While networking is frequently characterized in terms of dichotomous sets of behaviors, little is known about how individuals find a balance between them. This omission is especially striking in contexts where these dichotomies present themselves as trade-offs, forcing networking individuals to choose between opposing types of behaviors. Networking events are a prime example of such a context, as participants are concurrently searching for information and act as targets of others’ search efforts. We focus on two of the dichotomies that are most relevant in such social context – deliberate versus spontaneous as well as selfish versus altruistic networking – to examine how and why individuals respond differently to these trade-offs, and to evaluate the effectiveness of the observed approaches. We do so by way of an interactive networking experiment, which includes random assignment into treatment groups of varying levels of background knowledge, as well as real-time tracking of participants’ movement using sociometric badges. Our results allow us to differentiate between two routes taken by networking participants: a direct, deliberate and selfish one of information exploitation, and an indirect, spontaneous and altruistic one of information gathering, both of which may be understood as integral parts of the same cyclical process. We conclude by discussing the theoretical implications of our study.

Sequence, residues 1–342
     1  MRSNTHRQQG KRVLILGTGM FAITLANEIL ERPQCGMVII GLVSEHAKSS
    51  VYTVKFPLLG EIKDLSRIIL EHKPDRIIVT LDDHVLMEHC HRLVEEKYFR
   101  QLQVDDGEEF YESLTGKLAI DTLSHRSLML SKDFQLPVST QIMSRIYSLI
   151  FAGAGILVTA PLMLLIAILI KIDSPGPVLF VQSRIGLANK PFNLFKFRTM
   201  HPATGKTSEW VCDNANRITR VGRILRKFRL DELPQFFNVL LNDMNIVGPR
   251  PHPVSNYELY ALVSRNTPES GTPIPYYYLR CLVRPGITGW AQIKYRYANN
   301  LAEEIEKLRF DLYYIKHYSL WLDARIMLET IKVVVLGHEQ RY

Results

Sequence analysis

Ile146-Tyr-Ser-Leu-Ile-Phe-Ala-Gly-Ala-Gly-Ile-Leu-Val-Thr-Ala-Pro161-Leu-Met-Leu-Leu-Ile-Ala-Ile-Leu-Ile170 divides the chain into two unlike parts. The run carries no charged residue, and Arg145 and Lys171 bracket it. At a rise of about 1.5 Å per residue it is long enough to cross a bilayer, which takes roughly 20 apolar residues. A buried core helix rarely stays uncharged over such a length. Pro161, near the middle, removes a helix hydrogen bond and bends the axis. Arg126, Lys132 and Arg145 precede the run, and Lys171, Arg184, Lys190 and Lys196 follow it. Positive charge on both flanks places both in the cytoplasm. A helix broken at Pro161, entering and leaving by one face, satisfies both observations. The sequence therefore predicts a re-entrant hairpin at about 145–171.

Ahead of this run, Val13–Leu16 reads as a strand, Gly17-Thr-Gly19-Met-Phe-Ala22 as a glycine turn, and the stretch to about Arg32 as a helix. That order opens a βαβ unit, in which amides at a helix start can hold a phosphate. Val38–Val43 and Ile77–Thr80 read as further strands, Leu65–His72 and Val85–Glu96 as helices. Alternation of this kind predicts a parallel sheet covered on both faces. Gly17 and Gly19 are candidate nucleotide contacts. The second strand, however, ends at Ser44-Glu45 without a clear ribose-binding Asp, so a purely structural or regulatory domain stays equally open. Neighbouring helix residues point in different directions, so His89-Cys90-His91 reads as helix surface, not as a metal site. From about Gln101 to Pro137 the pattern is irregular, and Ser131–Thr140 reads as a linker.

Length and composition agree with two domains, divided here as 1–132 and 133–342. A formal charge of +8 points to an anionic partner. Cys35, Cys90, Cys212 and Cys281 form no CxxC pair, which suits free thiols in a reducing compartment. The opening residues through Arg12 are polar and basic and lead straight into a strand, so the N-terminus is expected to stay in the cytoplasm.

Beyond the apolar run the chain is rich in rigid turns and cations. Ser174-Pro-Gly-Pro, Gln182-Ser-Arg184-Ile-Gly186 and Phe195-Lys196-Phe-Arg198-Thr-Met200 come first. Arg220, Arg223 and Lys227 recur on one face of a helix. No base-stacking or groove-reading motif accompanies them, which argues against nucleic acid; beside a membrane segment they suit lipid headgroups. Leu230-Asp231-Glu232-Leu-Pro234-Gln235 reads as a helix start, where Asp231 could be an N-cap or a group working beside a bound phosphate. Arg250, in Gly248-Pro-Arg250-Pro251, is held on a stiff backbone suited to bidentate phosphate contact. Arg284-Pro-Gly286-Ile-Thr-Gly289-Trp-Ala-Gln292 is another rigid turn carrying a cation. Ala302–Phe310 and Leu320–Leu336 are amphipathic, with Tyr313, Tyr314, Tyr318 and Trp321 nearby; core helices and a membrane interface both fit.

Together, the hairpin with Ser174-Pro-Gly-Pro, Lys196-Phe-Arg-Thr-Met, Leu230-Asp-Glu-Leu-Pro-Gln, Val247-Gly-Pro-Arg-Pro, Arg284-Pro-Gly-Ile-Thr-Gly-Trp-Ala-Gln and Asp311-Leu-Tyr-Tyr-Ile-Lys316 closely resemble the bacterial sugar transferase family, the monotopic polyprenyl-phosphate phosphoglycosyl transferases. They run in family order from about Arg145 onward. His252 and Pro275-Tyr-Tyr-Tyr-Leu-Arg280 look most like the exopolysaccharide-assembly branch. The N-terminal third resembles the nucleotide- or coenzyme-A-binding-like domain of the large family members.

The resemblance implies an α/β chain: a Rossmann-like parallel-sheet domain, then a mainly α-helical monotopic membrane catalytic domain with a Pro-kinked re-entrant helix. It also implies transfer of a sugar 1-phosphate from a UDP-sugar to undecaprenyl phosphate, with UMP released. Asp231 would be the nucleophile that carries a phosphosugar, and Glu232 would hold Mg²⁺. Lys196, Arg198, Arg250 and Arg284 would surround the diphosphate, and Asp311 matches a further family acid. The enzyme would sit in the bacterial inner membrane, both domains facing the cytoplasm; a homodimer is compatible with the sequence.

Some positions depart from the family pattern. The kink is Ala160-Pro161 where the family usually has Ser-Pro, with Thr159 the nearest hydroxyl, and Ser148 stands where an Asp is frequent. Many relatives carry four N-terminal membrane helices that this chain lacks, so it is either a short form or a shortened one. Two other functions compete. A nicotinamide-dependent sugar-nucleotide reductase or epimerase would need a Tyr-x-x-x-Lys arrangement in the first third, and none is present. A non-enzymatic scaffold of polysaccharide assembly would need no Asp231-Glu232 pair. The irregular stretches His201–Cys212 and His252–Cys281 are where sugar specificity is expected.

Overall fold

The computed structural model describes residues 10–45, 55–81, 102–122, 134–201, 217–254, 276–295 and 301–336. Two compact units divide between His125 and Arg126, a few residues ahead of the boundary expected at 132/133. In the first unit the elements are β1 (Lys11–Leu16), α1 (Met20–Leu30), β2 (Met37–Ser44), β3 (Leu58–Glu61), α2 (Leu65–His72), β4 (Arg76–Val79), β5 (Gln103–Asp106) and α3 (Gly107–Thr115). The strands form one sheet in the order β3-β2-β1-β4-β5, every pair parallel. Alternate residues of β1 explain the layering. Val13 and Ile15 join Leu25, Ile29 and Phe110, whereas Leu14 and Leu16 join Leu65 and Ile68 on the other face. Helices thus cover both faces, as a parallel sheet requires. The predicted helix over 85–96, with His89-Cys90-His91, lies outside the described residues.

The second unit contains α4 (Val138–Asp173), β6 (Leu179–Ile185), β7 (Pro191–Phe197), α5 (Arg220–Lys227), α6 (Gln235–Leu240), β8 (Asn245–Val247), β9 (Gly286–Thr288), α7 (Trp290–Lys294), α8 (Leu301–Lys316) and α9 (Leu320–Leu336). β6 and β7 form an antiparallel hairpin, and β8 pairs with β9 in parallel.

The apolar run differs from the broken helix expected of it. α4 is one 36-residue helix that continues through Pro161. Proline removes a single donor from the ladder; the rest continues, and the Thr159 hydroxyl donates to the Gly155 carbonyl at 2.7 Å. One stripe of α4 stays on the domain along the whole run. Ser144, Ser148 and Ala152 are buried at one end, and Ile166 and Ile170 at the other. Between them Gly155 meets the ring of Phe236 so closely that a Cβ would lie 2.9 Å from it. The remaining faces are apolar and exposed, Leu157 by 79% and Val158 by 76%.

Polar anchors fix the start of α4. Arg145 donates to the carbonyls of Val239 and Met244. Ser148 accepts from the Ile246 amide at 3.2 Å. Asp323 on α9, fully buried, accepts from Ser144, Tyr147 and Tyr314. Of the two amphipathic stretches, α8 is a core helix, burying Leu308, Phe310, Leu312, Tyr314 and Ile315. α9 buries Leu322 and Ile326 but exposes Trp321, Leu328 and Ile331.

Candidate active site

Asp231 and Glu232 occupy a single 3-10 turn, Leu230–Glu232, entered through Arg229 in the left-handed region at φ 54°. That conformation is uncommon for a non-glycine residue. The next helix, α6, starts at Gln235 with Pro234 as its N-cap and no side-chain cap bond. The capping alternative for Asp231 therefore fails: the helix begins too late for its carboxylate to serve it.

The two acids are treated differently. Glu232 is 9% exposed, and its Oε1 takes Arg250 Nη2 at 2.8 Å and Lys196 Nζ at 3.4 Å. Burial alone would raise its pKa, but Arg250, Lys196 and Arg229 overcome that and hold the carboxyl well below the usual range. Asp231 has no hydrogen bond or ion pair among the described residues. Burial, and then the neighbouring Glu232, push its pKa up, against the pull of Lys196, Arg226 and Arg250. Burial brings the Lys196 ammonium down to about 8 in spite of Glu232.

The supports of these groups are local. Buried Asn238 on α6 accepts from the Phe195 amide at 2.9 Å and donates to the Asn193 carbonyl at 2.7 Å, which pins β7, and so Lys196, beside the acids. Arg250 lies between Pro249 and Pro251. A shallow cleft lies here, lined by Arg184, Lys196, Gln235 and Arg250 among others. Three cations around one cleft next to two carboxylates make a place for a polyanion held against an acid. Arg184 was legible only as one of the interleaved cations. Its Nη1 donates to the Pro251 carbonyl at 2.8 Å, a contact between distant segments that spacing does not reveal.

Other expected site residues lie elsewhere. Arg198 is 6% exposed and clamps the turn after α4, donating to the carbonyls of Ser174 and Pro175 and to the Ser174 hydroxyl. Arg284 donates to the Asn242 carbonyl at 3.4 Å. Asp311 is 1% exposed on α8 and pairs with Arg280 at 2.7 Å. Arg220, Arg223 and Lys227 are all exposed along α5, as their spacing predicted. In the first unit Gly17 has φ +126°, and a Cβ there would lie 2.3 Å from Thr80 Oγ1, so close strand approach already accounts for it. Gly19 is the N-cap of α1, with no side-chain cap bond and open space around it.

Bálint Diószegi joined the Department of Innovation and Entrepreneurship, Imperial College Business School in September, 2017. His research focus is on the micro-level foundations of social networks and networking behavior. Currently, he is working on an EU-funded research project, investigating networking behavior using sociometric badges. Before joining Imperial, he worked at SKEMA Business School in Sophia Antipolis, France. He earned his doctoral degree at ETH Zurich, for his dissertation "Mind over network: Individual agency, cognition, and organizational networks".